Published on 15th of September 2017
Go vs Rust? Choose Go.
"Rust or Go, which one should I choose?" is a question I get quite often.
My answer is simple: use Go.
Not because Go is the better language,
but because people want a simple answer to a (seemingly) simple question.
Both languages seem to be competing for the same user base and they both seem to be
"systems programming" languages, so there must be a winner, right?
Here's the thing: if you choose Rust, usually you need the guarantees, that the language provides:
- Safety against
Null pointers, race conditions and all sorts of low-level threats.
- Predictable runtime behavior (zero cost abstractions and no garbage collector).
- (Almost) total control over the hardware (memory layout, processor features).
- Seamless interoperability with other languages.
If you don't require any of these features, Rust might be a poor choice for your next project.
That's because these guarantees come with a cost: ramp-up time.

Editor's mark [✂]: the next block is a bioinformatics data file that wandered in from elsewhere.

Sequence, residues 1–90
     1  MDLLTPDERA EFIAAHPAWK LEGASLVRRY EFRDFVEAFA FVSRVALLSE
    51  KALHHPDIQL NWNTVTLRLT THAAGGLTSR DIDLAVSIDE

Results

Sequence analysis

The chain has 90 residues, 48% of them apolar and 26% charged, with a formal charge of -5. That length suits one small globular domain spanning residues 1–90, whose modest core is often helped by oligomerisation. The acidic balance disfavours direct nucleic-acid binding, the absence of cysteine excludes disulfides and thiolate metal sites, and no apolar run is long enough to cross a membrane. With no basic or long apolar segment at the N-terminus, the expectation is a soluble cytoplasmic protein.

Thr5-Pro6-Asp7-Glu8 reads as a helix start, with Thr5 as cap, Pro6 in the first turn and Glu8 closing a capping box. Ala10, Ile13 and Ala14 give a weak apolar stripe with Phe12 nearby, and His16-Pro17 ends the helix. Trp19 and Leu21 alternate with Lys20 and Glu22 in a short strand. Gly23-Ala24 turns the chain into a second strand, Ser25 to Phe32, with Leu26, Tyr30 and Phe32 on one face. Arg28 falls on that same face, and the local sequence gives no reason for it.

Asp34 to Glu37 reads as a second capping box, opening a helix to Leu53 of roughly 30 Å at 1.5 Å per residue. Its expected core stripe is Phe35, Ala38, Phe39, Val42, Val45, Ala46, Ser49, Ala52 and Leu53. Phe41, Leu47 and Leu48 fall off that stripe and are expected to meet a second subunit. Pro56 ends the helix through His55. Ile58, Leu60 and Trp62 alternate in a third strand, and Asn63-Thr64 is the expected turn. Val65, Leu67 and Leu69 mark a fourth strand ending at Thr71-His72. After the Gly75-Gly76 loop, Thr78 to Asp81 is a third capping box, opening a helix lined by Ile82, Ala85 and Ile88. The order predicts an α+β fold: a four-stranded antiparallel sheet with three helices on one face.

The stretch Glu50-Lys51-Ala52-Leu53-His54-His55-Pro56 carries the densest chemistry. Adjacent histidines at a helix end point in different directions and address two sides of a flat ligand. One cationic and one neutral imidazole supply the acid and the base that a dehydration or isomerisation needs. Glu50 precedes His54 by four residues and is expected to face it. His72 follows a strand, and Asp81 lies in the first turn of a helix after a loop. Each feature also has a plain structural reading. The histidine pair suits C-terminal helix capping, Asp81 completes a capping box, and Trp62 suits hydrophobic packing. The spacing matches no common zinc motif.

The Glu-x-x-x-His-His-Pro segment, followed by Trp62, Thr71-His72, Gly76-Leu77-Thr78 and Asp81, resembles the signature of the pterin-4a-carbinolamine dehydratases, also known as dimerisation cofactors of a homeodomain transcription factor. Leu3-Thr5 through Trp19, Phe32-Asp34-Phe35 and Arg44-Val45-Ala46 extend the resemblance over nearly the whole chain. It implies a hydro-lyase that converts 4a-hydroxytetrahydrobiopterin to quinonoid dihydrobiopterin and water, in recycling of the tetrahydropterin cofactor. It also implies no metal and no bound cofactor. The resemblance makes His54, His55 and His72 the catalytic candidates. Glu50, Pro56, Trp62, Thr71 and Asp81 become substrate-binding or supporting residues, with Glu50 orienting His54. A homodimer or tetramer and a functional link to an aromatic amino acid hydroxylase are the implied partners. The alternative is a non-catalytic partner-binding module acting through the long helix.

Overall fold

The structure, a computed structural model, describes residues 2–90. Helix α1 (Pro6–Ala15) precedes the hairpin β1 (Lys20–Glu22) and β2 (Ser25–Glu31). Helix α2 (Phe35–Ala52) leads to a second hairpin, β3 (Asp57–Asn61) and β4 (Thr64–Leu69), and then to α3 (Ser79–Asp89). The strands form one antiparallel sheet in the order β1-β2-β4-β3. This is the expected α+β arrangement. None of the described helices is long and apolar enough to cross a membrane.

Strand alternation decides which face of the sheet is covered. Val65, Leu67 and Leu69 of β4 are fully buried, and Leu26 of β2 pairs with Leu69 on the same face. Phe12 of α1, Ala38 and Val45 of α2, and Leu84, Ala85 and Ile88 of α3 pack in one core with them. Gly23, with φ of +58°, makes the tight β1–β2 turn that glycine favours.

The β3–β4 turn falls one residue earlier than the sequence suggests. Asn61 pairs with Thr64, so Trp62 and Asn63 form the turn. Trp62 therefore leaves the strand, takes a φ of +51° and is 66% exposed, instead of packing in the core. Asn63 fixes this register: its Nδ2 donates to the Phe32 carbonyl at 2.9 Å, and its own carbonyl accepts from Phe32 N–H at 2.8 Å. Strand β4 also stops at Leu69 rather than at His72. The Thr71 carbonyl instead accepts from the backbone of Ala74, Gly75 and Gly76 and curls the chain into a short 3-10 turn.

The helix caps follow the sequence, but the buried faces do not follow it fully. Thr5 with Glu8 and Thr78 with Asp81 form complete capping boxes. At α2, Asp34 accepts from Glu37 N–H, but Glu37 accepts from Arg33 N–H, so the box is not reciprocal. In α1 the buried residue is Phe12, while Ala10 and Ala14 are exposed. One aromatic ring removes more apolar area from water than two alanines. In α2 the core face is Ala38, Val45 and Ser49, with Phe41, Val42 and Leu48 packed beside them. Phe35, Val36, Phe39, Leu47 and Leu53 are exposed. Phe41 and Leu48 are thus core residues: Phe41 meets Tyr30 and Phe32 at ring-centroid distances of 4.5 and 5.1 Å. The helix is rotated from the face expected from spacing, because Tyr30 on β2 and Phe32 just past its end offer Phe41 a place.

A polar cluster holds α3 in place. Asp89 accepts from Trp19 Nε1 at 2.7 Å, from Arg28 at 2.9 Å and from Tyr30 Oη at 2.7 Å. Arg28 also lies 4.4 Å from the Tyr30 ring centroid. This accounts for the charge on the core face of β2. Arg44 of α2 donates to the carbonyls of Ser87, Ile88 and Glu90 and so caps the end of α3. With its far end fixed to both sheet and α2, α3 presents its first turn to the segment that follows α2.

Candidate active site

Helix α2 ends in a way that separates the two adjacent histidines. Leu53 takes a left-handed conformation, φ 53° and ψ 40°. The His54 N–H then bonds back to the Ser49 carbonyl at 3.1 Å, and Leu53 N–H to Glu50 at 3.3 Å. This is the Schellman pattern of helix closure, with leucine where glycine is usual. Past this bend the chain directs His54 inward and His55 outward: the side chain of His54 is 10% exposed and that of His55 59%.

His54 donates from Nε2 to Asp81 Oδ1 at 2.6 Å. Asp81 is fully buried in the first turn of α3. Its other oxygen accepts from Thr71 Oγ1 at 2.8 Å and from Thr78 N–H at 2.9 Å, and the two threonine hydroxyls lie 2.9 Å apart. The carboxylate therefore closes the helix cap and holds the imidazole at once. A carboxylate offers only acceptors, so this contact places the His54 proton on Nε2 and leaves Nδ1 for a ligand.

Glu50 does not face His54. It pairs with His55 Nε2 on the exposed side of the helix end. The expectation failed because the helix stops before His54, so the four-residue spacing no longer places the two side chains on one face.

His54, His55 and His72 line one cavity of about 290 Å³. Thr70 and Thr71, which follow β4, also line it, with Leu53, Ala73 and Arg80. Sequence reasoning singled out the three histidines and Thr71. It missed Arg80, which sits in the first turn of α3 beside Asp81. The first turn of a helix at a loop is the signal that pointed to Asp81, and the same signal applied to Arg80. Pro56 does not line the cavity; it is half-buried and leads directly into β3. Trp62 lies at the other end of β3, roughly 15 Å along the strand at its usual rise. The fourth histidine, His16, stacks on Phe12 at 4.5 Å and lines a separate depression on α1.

You'll need to unlearn bad habits and learn new concepts.
Chances are, you will fight with the borrow checker a lot when you start out.
With Go, you get things done fast.
Go is one of the most productive languages I've ever worked with.
The mantra is: solve real problems today.
I don't think Go is an elegant language. Its biggest feature is simplicity.
Go is not even a systems programming language. While it's great for writing microservices and tooling around backend infrastructure, I would not want to write a kernel or a memory allocator with it.
Rust in comparison is hard. It took me many months to become somewhat productive.
You need to invest a serious amount of time to see any benefit.
Rust is already a powerful language and it gets stronger every day.
It feels much more like a "pragmatic Haskell" to me than a "safer C".
99% of the time, Go is "good enough" and that 1% where it isn't, you'll know.
And then take a look at Rust, because the two languages complement each other pretty well.